Entering The Hartford Club reminded me of how I felt during my first year of college. It was a monumental crossing of a threshold that seemed so off limits to me. While The Hartford Club is far more opulent than my alma mater, my anxiety level was nearly the same when approaching both places. Would it be obvious that I did not belong? I would learn, of course, that there were others like me — first generation college students. First time Hartford Club crashers. Trespassers. There was paperwork proving my right to enter, but still, a trespasser at heart.
I would observe how others moved about, spoke to one another, sat in certain groupings. In both experiences, even when I gained cultural literacy, when I began to blend, I knew that at the end of the day, there was part of me that would never, ever, feel at home. Today, as I walked home from The Hartford Club, it became much more apparent. The achievement gap that was being spoken of was purely academic for much of the audience. It was one thing to talk about discrepancies in performance and economics; it is quite another for these disparities to be palpable. In the Georgian Revival private club on Prospect Street, there is mouthwash in the “ladies lounge.” In my neighborhood, there is litter strewn across the school lawn. The litter has been there all summer long and the school is one of the lowest ranked in Hartford. It remains so, even after being shut down and later reopened as a “new school.” The kids who can not read, who are dropping out, who are creating all the financial burdens we heard about in this morning’s forum — they are not some sad abstract statistic; they are the kids that I pass every time I take a walk around the block.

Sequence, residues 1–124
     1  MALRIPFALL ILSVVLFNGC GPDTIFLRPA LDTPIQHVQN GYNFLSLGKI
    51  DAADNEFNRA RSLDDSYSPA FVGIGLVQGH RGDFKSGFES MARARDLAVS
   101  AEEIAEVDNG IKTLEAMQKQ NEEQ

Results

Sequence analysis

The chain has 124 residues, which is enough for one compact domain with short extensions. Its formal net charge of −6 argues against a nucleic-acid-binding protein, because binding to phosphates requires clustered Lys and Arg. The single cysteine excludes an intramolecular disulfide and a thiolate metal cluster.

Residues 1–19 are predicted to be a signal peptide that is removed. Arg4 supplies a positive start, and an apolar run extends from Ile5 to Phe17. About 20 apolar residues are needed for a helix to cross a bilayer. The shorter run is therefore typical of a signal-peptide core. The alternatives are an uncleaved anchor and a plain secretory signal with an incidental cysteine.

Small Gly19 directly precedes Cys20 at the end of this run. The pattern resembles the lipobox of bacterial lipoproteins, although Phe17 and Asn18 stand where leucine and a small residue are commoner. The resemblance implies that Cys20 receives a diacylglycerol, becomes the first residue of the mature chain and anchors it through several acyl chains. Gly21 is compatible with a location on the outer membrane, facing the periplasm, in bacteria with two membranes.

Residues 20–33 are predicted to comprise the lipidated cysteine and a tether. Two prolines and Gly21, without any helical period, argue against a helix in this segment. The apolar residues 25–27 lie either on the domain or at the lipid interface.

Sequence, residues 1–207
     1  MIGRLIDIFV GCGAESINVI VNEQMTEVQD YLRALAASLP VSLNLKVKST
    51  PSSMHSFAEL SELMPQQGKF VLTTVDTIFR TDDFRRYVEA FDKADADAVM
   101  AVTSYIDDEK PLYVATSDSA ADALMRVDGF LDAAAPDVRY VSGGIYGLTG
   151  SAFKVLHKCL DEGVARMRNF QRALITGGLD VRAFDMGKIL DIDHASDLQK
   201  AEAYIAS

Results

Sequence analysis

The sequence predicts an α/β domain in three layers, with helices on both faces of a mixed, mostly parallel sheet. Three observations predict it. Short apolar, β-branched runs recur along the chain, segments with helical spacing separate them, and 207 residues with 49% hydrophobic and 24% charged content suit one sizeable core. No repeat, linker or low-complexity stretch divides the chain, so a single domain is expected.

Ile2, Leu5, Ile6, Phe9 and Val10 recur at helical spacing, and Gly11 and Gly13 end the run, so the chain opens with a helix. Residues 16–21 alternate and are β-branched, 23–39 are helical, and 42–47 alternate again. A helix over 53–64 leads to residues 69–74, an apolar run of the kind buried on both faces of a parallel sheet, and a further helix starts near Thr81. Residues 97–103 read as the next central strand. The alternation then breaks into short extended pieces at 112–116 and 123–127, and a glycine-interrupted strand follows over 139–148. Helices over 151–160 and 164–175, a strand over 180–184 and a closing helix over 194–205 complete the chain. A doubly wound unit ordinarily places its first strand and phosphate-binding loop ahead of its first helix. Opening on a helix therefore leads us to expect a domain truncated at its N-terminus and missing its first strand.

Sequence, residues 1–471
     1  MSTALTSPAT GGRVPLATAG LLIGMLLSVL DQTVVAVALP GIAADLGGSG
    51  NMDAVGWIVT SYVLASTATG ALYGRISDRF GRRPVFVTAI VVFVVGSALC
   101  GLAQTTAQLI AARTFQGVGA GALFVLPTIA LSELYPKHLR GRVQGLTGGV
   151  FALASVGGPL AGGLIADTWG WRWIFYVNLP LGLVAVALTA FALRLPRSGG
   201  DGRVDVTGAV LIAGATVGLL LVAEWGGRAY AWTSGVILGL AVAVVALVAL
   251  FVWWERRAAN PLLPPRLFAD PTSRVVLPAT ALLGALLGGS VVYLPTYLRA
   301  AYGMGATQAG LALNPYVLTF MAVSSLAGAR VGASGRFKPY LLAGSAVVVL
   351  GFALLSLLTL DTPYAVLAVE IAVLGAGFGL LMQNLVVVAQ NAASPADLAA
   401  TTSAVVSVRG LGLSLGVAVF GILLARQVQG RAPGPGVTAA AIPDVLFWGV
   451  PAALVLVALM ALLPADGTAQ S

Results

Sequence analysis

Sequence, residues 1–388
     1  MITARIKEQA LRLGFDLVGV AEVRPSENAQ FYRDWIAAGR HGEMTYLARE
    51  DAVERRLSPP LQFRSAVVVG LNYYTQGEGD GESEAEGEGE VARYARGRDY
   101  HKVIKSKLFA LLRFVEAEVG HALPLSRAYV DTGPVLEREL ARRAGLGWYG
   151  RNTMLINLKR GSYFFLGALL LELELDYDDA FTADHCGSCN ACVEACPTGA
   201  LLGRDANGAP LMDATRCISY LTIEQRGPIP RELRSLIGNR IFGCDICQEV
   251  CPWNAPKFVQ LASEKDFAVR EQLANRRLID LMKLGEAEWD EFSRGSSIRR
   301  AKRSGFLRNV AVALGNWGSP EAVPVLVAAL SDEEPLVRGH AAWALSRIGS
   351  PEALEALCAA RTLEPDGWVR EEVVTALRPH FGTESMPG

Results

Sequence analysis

Slamming the Door on the Achievement Gap
The MetroHartford Alliance forum held at The Hartford Club this morning was titled Hartford Public Schools Education Reform and Next Steps. Presenters included Superintendent of Hartford Public Schools, Dr. Steven J. Adamowski; Executive Director of Achieve Hartford!, James L. Starr; and the Commissioner of Higher Education for the State of Connecticut, Michael P. Meotti. All speakers addressed the issue of closing Connecticut’s achievement gap.
The very phrase “achievement gap” softens the issue. Education Week explains the achievement gap as:
[...] the disparity in academic performance between groups of students. It is most often used to describe the troubling performance gaps between many African-American and Hispanic students, at the lower end of the performance scale, and their non-Hispanic white peers, and the similar academic disparity between students from low-income and well-off families. The achievement gap shows up in grades, standardized-test scores, course selection, dropout rates, and college-completion rates. It has become a focal point of education reform efforts.
While National Assessment of Educational Progress (NAEP) results have shown that, over time, black and Hispanic students have made great strides in narrowing the breach that separates them from their white peers, that progress seems to have come to a halt since the mid-1980s.
The achievement gap, to put it in more direct terms, refers to the racial and economic disparities in educational outcome. Connecticut has the dishonor of having the greatest achievement gap in all 50 states, based on the NAEP results. The Superintendent stated that there is a 93% poverty rate within the Hartford school district, based on eligibility for free/reduced school lunch. There are correlations between poverty and other social problems: of those in Hartford who have dropped out of school, 60% have been incarcerated. One of the strongest predictors of whether someone will graduate high school, Adamowski said, is how well someone is reading in third grade. For example, in 2006, 28% of third graders in the city were reading on grade level; the high school graduation rate at that time was 29%. He went on to say that education is the “best anti-poverty program in the world.” As a result of the achievement gap, there are expenses: social services, health care, taxes (those not paid due to poverty), and incarceration.